The research aims to produce valid information and must use reliable instruments that guarantee accurate and make it quantifiable and possible reproducibility. Allowing the exclusion or at least control prejudice of personal insights and trends that may distort the results.
viernes, 25 de junio de 2010
E-Waste Could Help Prevent Bacterial Infections
Currently, more than two billion LCD screens are nearing the end of their lives. Chances are that you have a few yourself, but if you're like most Americans, you probably won't recycle them.
Electronic waste is a serious problem. Toxic chemicals, including lead, cadmium and mercury, pose an environmental hazard to soil, should they leach into it. And hazardous materials, such as arsenic and acid, are used by people in developing countries to extract valuable metals from circuit boards and wires, which they sell for income. It's a good thing researchers are finding new ways to use old LCD screens.
In many research labs, scientists are trying to find uses for e-waste, such as turning the materials into Olympic medals and using old components to turn algae into a biofuel.
And now researchers at the University of York's Department of Chemistry have found a way to turn electronic waste from LCD screens into an anti-microbial substance that destroys infections such as Escherichia coli , some strains of Staphylococcus aureus and other unpronounceable, yet dangerous, types of bacteria.
Polyvinyl-alcohol (PVA) is a key element of LCD televisions. It's also a chemical compound that is compatible with the human body.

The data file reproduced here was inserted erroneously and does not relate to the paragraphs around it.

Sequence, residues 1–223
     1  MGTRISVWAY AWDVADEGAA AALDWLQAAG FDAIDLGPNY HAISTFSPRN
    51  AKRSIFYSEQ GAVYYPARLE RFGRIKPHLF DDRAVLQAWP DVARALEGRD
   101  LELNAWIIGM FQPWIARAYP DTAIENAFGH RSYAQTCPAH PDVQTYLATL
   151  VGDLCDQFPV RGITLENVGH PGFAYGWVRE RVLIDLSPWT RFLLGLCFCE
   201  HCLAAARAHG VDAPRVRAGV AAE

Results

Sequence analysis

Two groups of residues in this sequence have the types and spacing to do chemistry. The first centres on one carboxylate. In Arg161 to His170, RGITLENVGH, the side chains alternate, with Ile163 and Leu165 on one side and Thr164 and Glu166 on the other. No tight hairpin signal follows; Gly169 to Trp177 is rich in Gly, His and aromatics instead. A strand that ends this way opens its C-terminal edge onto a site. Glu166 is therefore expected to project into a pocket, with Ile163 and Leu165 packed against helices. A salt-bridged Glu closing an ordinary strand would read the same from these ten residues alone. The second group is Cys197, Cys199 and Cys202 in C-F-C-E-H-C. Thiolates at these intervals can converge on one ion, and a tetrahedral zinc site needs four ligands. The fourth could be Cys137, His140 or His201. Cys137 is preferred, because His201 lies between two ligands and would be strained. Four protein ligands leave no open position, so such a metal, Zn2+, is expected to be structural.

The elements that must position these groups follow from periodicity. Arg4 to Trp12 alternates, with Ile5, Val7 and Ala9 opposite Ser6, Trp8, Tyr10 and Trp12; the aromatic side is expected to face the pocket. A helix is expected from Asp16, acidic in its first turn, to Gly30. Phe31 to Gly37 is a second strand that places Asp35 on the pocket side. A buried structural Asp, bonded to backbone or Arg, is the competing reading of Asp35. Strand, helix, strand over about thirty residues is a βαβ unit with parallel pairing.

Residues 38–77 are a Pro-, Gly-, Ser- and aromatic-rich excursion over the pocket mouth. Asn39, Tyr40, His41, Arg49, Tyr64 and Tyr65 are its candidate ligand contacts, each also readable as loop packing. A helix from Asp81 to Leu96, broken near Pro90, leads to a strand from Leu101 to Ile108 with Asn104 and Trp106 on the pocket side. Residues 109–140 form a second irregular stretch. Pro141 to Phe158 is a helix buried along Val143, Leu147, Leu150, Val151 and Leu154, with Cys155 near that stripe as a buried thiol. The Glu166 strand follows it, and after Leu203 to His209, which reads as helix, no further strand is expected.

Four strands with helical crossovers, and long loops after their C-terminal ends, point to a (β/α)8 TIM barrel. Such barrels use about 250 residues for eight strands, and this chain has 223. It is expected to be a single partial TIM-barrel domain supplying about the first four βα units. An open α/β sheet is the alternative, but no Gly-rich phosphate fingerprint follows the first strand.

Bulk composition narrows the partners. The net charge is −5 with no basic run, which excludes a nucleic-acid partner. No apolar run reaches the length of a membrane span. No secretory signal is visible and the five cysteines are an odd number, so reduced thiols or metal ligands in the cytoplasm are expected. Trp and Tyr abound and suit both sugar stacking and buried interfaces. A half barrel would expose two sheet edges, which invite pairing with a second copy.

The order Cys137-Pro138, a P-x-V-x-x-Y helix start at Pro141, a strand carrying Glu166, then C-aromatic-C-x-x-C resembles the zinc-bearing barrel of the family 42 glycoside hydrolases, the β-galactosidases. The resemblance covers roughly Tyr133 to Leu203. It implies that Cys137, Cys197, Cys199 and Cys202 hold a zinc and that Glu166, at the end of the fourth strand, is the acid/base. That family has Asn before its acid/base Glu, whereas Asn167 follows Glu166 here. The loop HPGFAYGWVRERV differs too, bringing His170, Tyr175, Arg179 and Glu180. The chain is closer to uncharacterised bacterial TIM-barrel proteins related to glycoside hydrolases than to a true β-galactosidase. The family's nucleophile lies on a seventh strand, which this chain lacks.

Andrew Hunt and his colleagues had to cool and then heat PVA, dehydrate it with ethanol, and add a dash of silver nanoparticles to enhance the material's anti-microbial properties. The final product could be used in hospital cleaning solutions to help to reduce infections. According to the York University press release, the product "could also be used in pills and dressings that are designed to deliver drugs to particular parts of the body."
Hunt and his team confess that more work needs to be done. Regulatory agencies still must guarantee that silver nanoparticles are suitable for human health applications.
But since LCD screens are the fastest growing source of electronic waste in the European Union, it's good to know that people are working on ways to diminish the potential hazards.
We will have more reporting on electronic waste when we launch a new Wide Angle on June 28. Get excited!
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